Washington Digest — House passes spending bill


WASHINGTON — The House voted last week for a $982 billion spending bill to keep the government running through September while giving the Pentagon and veterans agencies flexibility to deal with across-the-board cuts that went into effect March 1.

Lawmakers voted 267-151 for the bill, which keeps in place the lower spending levels created by the budget sequester. The so-called “continuing resolution” would fund agencies from March 27, when temporary funding expires.

The House-approved bill also includes a $2.5 billion increase for the Department of Veterans Affairs and a provision that would keep Saturday mail delivery for the U.S. Postal Service.

Democrats charged the bill does not give non-defense agencies the same flexibility to shift money around among accounts to lessen the blow from the sequester, which put in place $85 billion in cuts divided between the Pentagon and non-defense programs. Republicans said they prioritized national security.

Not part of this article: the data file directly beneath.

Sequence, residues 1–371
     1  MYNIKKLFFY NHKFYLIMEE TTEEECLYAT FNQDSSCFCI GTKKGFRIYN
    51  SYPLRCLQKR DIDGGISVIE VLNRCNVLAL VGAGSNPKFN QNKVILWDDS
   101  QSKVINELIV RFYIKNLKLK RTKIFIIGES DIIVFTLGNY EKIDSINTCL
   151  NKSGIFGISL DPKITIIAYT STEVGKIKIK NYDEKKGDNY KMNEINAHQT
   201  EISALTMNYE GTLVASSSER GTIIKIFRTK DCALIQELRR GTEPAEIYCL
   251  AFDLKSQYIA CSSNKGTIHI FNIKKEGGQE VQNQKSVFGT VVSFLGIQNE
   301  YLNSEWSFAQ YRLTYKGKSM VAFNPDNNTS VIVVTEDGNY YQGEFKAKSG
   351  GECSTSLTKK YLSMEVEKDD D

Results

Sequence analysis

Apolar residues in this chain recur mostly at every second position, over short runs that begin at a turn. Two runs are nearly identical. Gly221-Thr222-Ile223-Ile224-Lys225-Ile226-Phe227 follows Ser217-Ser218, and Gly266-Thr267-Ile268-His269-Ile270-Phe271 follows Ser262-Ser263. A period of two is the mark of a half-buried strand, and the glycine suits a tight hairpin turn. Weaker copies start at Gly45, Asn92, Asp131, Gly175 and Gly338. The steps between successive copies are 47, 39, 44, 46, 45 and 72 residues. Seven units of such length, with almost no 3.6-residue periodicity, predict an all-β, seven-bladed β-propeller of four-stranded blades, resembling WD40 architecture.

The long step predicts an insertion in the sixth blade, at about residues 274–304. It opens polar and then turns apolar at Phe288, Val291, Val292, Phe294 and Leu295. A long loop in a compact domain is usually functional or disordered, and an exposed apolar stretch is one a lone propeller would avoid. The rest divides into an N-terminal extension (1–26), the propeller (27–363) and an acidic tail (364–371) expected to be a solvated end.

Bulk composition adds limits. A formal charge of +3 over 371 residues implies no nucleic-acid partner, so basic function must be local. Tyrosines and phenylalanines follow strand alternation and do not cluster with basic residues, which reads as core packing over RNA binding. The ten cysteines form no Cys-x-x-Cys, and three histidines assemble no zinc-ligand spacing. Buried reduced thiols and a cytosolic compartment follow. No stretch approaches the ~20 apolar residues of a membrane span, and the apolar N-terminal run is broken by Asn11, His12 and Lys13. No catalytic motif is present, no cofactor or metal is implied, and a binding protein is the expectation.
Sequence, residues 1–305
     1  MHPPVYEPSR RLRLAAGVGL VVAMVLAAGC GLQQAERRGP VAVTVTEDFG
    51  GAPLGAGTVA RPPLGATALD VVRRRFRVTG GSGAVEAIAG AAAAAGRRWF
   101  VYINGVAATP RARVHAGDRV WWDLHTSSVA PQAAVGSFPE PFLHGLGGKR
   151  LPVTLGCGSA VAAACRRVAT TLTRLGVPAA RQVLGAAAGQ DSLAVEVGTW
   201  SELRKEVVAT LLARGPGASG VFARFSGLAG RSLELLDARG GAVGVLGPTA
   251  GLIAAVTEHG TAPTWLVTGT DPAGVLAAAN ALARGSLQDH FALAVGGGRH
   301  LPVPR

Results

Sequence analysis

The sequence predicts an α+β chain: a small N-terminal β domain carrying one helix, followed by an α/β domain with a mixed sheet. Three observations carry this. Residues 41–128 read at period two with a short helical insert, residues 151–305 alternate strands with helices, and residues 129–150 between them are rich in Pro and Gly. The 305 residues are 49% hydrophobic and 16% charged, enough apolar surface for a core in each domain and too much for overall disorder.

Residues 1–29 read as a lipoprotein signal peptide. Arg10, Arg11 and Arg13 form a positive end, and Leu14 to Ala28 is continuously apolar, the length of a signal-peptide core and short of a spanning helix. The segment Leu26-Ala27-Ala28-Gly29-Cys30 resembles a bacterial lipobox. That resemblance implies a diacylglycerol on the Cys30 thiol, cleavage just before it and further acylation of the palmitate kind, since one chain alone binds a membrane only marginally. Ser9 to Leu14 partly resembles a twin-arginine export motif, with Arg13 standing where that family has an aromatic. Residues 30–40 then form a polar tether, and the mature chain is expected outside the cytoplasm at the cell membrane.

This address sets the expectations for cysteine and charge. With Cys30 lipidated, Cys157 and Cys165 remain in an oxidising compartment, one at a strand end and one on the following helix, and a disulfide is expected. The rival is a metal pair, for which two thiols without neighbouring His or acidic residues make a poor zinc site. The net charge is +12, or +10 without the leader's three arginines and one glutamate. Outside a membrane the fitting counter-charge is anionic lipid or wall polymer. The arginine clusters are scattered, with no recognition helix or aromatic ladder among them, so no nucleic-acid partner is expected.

The Democrat-controlled Senate was expected to pass a similar bill after giving a number of other federal agencies similar leeway to adapt to the sequester cuts.

Reps. Steve Womack, R-Rogers, Tim Griffin, R-Little Rock, Rick Crawford, R-Jonesboro and Tom Cotton, R-Dardenelle, voted for the bill.

CIA nominee confirmed

The Senate voted 63-34 to confirm John Brennan to be head of the Central Intelligence Agency, a vote that was delayed by a near-13 hour filibuster by Sen. Rand Paul, R-Ky.

Paul held the Senate floor for 12 hours and 52 minutes to protest Brennan, who held top intelligence posts under President Barack Obama and President George W. Bush. Paul spoke mostly against the dangers of the Obama administration’s potential use of drones to kill Americans on U.S. soil.

In response, White House spokesman Jay Carney said “the president has not and would not use drone strikes against American citizens on American soil.”

Brennan was considered for the CIA post four years ago but withdrew following questions about his role in the Bush administration’s use of interrogation techniques that were criticized as torture. He denied playing a central role in the program.

Sen. Mark Pryor, D-Ark., voted to confirm Brennan. Sen. John Boozman, R-Ark., voted against Brennan.